How to Build Wholesome Habits?

November 18, 2015

The core idea is to build a major habit by thinking small enough to get started and to carry through. 

 

The mini habits approach works because it's how our brains are designed to change. Building on mini habits we can create permanent healthy habits:

 

Read the full story below or download this PDF:

Creating Wholesome Habits for Vital & Mindful Living

 

The core idea is to build a major habit by thinking small enough to get started and to carry through. Once we get going, usually we find it easier to continue. Then we get into a daily wholesome routine – a chosen routine that serves us well.

 

The One Pushup Challenge

 

In his 2013 book ‘Mini Habits,  Small Habit, Bigger Results’ Stephen Guise’s core premise is to show how we can stick to a larger habit (like working out, getting a project done) by starting ridiculously small and creating a very simple goal. The goal of a mini-habit is to be consistent. In fact, he claims, consistency is much more important than what we accomplish with the daily habit.

 

Guise’s striking example is ‘The One Pushup Challenge’, “I tried ‘getting motivated’. It worked sometimes. I tried setting audacious big goals. I almost always failed them. I tried to make changes last. They didn't. Like most people who try to change and fail, I assumed that I was the problem.”


“Then one afternoon--after another failed attempt to get motivated to exercise--I (accidentally) started my first mini habit.     

 

I initially committed to do one push-up. We can succeed without the guilt, intimidation, and repeated failure associated with such strategies as "getting motivated," New Year's Resolutions, or even "just doing it." In fact, you need to stop using those strategies if they aren't giving you great results.”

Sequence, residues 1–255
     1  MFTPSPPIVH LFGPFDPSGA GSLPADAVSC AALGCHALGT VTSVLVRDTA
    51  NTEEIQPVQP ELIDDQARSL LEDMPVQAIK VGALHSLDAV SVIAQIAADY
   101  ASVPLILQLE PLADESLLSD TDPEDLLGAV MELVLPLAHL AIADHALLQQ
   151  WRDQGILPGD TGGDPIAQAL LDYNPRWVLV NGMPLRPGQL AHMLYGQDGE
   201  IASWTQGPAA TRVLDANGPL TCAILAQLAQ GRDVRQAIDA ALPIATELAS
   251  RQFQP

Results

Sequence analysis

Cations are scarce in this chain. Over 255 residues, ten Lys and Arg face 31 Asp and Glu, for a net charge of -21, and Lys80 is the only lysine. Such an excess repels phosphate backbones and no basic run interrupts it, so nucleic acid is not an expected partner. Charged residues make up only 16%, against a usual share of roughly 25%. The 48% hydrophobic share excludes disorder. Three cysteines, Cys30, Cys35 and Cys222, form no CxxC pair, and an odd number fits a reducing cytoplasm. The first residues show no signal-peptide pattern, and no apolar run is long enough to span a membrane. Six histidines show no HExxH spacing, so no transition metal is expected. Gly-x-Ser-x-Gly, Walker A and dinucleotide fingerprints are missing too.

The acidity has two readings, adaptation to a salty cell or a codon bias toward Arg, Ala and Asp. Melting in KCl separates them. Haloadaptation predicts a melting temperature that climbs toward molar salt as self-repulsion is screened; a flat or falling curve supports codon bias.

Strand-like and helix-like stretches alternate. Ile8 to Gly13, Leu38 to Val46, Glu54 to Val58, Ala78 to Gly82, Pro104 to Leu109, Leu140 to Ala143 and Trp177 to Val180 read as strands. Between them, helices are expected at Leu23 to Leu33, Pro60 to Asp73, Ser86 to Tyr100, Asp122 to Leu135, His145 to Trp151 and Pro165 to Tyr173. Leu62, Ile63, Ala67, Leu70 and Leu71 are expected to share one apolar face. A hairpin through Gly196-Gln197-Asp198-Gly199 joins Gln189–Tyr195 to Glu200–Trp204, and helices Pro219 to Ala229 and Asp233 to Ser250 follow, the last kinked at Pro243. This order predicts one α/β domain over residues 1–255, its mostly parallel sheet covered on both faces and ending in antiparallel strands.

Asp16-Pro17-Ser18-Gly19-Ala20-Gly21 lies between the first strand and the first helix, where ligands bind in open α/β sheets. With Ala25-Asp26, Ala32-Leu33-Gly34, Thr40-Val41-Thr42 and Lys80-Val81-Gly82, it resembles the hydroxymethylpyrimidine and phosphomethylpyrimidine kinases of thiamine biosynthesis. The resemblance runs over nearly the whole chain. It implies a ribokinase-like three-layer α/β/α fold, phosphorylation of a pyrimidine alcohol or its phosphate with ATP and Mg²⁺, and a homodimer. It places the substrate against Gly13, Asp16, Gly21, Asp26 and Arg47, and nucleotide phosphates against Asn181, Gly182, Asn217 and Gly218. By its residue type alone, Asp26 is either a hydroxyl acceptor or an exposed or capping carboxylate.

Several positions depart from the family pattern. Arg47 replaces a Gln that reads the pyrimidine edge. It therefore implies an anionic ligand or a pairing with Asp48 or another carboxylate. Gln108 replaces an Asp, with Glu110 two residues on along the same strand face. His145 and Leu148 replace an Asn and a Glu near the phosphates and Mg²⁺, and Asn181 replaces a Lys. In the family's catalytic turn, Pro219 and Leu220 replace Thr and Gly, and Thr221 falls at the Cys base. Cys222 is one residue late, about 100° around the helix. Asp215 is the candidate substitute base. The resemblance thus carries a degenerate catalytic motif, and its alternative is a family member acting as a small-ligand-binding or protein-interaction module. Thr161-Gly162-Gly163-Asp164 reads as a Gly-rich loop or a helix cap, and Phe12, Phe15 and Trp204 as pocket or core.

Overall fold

Most popular strategies don't work well because they require you to fight against your subconscious brain (a fight not easily won). It's only when we start playing by our brain's rules and taking our human limitations seriously - as mini habits show us how to do -- that we can achieve lasting change.


What's A Mini Habit?


A mini habit is a very small positive behavior that you force yourself to do every day; its "too small to fail" nature makes it weightless, deceptively powerful, and a superior habit-building strategy. You will have no choice but to believe in yourself when you're always moving forward.

The barrier to the first step is so low that even depressed or "stuck" people can find early success and begin to reverse their lives right away.

Aim For The First Step


Guise: “They say when you aim for the moon, you'll land among the stars.

The message is that you should aim very high and even if you fall short, you'll still get somewhere.”

 

“I've found the opposite to be true in regards to productivity and healthy behaviors. When you aim for the moon, you won't do anything because it's too far away. But when you aim for the step in front of you, you might keep going and reach the moon.